Healthy Eating

What and how much you eat and drink, and being physically active are important for your health.

Being healthy improves your quality of life and your sense of wellbeing. Being healthy also means that you are more likely to be around longer for your whanau.

Healthy eating

• Helps your body to work well and helps you to feel good.
• Can lower your risk of heart disease, stroke and some cancers and help you to have a healthy bodyweight.
• Means eating a variety of foods that give you the nutrients your body needs.

Eat from the four food groups

• Enjoy a variety of nutritious foods, including:
• Plenty of vegetables and fruit.
• Grain foods, mostly whole grain and those naturally high in fi bre.
• Some milk and milk products, mostly low and reduced-fat.
• Some legumes, nuts, seeds, fish and other seafood, eggs or poultry, or red meat with the fat removed. Legumes include lentils, split peas, chickpeas, and cooked dried beans (eg, red kidney beans, baked beans).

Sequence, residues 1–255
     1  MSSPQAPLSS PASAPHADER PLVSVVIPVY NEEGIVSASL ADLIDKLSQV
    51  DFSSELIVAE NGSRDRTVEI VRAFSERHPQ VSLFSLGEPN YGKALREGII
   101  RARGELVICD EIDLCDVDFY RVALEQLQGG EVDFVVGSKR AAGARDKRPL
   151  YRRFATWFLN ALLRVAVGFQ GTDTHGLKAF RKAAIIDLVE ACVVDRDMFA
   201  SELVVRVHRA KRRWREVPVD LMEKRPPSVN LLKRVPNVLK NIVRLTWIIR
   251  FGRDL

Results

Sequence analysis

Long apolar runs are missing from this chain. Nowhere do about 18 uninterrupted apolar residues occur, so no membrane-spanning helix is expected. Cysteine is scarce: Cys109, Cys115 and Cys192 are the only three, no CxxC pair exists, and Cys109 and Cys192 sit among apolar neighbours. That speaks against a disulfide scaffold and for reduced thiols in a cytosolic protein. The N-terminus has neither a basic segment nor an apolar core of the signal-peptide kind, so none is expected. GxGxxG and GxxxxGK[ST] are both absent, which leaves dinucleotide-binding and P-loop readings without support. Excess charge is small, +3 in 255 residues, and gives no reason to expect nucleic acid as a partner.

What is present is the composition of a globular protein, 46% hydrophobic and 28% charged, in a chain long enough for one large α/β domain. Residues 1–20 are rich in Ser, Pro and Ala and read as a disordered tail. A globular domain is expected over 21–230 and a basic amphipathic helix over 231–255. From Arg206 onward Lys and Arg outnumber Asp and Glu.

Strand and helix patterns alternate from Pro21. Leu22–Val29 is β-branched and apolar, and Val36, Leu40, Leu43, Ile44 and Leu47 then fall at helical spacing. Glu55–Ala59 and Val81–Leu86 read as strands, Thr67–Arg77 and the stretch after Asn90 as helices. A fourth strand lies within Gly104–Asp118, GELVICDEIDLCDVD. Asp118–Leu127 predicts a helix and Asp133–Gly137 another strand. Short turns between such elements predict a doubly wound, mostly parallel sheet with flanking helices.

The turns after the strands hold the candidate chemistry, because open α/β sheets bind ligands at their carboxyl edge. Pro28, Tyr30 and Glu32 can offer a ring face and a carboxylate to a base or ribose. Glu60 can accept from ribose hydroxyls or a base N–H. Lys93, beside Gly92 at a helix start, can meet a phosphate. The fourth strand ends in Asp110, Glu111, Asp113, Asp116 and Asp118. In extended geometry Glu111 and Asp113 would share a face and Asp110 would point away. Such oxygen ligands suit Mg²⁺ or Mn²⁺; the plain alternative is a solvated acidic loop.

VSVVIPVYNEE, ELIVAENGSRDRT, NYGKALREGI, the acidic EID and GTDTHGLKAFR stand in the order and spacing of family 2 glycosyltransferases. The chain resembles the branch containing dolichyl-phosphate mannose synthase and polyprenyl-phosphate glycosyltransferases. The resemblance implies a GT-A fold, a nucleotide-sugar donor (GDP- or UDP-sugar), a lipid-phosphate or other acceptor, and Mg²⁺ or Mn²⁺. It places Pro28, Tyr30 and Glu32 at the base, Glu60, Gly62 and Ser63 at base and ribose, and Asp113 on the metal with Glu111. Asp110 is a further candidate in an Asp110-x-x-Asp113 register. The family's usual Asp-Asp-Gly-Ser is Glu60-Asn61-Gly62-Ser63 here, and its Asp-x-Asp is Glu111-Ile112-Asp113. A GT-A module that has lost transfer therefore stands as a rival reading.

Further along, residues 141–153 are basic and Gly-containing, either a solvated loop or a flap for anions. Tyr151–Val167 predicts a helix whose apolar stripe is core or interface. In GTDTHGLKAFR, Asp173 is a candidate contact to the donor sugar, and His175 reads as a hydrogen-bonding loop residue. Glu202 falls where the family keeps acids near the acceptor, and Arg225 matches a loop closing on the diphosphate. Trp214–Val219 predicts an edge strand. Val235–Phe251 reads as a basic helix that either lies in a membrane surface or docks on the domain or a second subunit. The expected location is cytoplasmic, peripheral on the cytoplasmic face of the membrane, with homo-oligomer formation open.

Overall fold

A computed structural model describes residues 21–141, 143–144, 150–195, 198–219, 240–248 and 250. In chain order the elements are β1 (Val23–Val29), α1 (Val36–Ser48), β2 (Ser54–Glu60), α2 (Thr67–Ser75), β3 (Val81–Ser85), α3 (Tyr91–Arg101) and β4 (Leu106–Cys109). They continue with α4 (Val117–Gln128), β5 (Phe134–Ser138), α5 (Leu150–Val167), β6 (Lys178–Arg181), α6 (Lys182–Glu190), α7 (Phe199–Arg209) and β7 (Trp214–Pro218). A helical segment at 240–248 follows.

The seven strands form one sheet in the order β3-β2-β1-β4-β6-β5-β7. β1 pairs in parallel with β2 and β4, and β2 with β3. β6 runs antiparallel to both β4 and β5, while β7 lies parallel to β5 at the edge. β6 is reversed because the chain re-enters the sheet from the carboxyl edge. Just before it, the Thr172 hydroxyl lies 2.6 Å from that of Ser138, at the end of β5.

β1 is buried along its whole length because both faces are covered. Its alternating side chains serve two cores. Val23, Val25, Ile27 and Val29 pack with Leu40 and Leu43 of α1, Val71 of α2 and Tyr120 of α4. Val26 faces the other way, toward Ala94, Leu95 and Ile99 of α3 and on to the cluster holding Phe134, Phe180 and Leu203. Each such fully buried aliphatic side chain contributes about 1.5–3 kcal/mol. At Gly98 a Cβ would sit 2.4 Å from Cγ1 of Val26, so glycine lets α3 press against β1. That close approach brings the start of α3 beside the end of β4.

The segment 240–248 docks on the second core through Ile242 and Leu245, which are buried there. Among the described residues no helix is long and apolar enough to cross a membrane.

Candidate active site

Making healthier food choices

Choose and/or prepare foods:
• With unsaturated fats instead of saturated fats.
• That are low in salt (sodium); if using salt, choose iodised salt.
• With little or no added sugar.
• That are mostly ‘whole’ or less processed.

Food safety

Food safety is about making sure that food is safe to eat. Harmful bacteria and viruses (bugs) can live in some foods, and if the food is not safely gathered, prepared, cooked, or stored the bugs can make you or other people ill. Buy or gather, prepare, cook, and store food in ways that keep it safe to eat.

(Courtesy Ministry of Health. See www.health.co.nz/your-health for more information)

Physical activity

Everyone needs to be active and eat well to maintain a healthy lifestyle. It increases your quality of life and your sense of wellbeing. Physical activity reduces your risk of a range of health conditions, and helps you manage the ones you already have.

It doesn’t have to be half an hour at the gym - physical activity includes:

• Walking • Swimming • Cycling • Dancing • Sport and recreation (structured and unstructured) • Gardening • Housework • Active transport (eg, walking to the shops, cycling to work or school) • A physical job

Remember: Even small increases in physical activity can improve your health. It’s never too early or late to start.

Sit less, move more
Breaking up regular sitting time is important - even small breaks from prolonged sitting are good for health.

 

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